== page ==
We also develop a market model built from the consolidation of top-down and bottom-up market data, rationalized through a technology model that keeps track and forecasts key technological metrics like die size, process node, and transistor count.



Our aim is to deliver a relevant and accurate understanding of the shared evolution between hardware computing and its associated software.

Through our investigations, we explain and analyze how that can be integrated into silicon. We combine the multiple function integrations.

Beyond the market trends, these technical shifts – front-end, back-end and packaging integration, and software development – need to be deeply analyzed to forecast the evolution of the computing industry.



The landscape has undergone a dramatic transformation in the years since the big leaders of the computing world were IBM, Intel, AMD, TI and Motorola. Only two of them – Intel and AMD – remain in the race, and the competition is only increasing. Due to the specialization of computing units, along with a fabless strategy initiated over 20 years ago, the value of this fragmented market is distributed across the entire chain. This happens from the design stage – using ARM or RISC – to manufacturing, alongside players like TSMC, Intel and Samsung for high-end processors and APU, or through a fabless approach like Qualcomm, Nvidia or AMD and Xilinx.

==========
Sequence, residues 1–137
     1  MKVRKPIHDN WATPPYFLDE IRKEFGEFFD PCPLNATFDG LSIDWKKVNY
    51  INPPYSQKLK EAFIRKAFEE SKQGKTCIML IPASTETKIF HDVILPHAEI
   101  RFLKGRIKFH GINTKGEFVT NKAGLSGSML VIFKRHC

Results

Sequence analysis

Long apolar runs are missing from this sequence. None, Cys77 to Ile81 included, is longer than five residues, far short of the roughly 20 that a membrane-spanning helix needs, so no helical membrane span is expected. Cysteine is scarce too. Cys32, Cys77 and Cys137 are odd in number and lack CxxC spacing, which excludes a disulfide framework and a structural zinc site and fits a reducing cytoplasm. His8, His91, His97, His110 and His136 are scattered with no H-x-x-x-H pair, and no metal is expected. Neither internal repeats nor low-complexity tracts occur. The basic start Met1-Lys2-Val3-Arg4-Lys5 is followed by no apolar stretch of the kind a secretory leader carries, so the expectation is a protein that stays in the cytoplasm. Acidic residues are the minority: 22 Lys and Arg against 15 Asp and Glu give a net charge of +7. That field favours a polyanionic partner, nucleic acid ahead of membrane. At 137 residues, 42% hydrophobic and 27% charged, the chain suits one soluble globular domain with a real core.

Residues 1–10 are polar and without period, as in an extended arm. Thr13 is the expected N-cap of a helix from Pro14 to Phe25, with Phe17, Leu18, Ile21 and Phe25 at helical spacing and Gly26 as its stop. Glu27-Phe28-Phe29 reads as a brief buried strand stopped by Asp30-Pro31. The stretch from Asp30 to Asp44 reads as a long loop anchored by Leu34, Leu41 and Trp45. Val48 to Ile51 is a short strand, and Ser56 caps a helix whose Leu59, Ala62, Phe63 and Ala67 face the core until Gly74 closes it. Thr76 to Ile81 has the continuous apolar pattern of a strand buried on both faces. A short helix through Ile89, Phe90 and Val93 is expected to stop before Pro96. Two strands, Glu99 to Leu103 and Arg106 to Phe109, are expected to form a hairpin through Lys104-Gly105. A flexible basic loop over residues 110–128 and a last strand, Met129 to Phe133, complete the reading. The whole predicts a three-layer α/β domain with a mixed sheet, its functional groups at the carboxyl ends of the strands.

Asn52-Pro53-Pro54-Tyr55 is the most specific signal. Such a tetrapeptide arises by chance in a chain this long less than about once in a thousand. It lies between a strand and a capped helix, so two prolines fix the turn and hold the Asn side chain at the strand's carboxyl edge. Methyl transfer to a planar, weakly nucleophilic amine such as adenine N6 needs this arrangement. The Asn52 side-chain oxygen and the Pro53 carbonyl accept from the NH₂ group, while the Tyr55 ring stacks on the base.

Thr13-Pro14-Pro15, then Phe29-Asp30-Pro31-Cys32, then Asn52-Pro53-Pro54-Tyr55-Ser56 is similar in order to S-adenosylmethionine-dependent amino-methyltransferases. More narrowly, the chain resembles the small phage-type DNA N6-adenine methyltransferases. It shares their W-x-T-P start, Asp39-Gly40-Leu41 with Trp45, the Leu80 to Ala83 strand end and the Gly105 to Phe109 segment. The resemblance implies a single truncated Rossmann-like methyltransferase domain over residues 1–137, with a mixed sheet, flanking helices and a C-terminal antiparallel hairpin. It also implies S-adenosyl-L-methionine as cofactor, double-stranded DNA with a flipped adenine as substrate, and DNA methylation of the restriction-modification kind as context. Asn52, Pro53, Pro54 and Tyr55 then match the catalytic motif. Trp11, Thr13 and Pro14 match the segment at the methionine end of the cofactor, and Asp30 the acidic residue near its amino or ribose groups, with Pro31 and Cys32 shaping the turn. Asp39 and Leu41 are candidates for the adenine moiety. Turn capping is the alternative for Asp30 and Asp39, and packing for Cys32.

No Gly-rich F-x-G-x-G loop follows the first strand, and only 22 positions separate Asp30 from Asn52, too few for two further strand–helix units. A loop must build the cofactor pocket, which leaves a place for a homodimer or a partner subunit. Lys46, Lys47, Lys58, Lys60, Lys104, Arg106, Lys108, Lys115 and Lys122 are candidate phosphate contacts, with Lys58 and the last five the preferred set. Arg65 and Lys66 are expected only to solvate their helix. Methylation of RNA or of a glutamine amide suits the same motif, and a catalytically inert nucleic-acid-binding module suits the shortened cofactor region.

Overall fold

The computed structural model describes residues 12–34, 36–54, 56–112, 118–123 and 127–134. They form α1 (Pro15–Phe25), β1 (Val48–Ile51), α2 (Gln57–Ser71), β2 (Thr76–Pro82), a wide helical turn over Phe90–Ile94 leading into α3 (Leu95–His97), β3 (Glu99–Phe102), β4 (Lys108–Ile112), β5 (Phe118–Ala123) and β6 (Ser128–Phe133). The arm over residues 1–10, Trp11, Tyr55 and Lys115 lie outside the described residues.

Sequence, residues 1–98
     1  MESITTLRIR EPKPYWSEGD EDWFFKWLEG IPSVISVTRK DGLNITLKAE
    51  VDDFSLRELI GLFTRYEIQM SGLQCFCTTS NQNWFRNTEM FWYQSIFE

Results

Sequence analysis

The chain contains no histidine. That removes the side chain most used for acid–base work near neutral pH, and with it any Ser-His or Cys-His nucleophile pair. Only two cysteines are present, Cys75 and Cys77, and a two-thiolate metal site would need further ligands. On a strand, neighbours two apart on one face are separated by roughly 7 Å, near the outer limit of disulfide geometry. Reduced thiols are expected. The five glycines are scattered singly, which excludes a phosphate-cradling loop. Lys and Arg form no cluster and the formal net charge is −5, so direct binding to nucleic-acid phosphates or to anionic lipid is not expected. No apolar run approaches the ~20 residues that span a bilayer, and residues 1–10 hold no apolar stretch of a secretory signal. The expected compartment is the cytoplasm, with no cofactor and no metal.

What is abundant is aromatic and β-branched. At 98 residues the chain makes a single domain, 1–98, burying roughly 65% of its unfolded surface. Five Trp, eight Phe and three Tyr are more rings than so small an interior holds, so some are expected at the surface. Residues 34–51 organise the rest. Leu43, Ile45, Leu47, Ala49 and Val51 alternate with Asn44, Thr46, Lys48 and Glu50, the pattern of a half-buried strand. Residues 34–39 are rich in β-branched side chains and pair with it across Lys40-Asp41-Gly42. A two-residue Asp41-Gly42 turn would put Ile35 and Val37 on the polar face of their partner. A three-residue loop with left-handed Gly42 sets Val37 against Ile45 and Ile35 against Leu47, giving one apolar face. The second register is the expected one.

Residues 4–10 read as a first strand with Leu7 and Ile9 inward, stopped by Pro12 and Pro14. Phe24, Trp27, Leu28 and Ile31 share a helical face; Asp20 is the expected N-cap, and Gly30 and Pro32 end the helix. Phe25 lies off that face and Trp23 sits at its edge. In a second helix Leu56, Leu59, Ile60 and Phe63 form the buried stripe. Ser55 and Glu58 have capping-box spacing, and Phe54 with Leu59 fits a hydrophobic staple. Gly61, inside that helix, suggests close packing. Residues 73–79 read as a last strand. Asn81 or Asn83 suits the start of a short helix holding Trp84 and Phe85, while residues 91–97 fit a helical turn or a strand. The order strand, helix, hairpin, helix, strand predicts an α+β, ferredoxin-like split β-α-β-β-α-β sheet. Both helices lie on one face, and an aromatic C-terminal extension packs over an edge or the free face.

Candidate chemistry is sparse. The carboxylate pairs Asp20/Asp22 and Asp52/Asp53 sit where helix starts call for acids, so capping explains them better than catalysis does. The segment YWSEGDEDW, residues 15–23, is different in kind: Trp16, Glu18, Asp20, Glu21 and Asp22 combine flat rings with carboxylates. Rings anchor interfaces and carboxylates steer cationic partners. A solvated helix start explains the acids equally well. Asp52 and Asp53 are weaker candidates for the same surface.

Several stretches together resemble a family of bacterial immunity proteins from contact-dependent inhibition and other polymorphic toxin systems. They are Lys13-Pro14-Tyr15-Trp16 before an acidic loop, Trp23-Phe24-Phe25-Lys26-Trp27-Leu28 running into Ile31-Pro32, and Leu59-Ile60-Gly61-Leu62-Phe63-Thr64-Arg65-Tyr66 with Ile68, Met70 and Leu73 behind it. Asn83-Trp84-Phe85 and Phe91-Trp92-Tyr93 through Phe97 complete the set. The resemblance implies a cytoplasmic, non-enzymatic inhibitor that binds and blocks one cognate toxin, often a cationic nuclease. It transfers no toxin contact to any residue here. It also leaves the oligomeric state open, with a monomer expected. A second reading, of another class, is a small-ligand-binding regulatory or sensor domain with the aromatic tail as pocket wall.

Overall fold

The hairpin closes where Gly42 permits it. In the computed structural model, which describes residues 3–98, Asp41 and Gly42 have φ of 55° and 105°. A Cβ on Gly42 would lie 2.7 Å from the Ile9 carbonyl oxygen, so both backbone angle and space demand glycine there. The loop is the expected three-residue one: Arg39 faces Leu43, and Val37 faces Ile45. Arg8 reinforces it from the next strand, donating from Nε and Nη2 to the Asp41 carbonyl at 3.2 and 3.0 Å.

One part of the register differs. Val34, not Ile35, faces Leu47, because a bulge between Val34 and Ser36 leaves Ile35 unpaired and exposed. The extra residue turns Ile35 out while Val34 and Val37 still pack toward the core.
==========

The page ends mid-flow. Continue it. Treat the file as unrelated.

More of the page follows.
OEMs like Apple, Xiaomi and Google also tend to develop their own systems-on-a-chip to achieve ultra-high optimization of hardware when combined with software – which requires huge investments. On the industrial side, the datacenter market drives the increasing demand for computational chips to address the work-from-home and cloud gaming trends, and, more globally, the shifting edge-cloud computing balance.

The XPU market is expected to reach more than $180 billion in five years, making it one of the biggest markets for semiconductor devices.

Key Drivers


Computing chips are the centerpiece of the global semiconductor wave that has been unfurling over our daily lives for the last 60 years. Yole Group’s computing team provide you the most up-to-date data and analysis about the computing field by closely monitoring the six markets:

  • Consumer
  • Automotive
  • Medical
  • Industrial
  • Telecommunications
  • Defense

And we do this across the most demanding end-systems, such as:

  • PCs and tablets
  • Mobile
  • Drones
  • HMDs
  • smart speakers
  • automotive
  • security cameras
  • edge servers
  • machine vision
  • robotics

We give you deep insights into the technologies that are inherently driving the future of computing and the supply chain.

We can also help identify the right partners for you, all so that you draw the most benefits from the computing market.



The increase of XPUs’ computing power leads to both evolution – remember Moore’s law? – but also to the development of new integration schemes: chip partitioning, new packaging strategies, new interfaces featuring on-board memories. This evolution explains the major investment by the semiconductor industry’s leaders, like Intel, TSMC, Samsung, NVIDIA, and AMD.